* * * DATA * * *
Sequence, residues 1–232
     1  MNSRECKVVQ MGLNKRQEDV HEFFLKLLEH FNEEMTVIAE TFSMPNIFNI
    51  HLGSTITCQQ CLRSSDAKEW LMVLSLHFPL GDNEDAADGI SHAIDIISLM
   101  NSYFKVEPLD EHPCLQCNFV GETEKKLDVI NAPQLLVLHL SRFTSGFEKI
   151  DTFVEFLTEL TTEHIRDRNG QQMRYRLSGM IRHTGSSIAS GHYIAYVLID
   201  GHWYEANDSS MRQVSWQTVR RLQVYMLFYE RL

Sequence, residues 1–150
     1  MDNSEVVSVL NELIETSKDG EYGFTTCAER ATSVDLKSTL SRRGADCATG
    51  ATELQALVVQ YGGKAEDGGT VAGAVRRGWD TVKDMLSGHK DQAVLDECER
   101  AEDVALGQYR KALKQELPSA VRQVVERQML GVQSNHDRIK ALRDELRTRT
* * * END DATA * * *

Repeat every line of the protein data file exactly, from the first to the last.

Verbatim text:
Sequence, residues 1–232
     1  MNSRECKVVQ MGLNKRQEDV HEFFLKLLEH FNEEMTVIAE TFSMPNIFNI
    51  HLGSTITCQQ CLRSSDAKEW LMVLSLHFPL GDNEDAADGI SHAIDIISLM
   101  NSYFKVEPLD EHPCLQCNFV GETEKKLDVI NAPQLLVLHL SRFTSGFEKI
   151  DTFVEFLTEL TTEHIRDRNG QQMRYRLSGM IRHTGSSIAS GHYIAYVLID
   201  GHWYEANDSS MRQVSWQTVR RLQVYMLFYE RL

Sequence, residues 1–150
     1  MDNSEVVSVL NELIETSKDG EYGFTTCAER ATSVDLKSTL SRRGADCATG
    51  ATELQALVVQ YGGKAEDGGT VAGAVRRGWD TVKDMLSGHK DQAVLDECER
   101  AEDVALGQYR KALKQELPSA VRQVVERQML GVQSNHDRIK ALRDELRTRT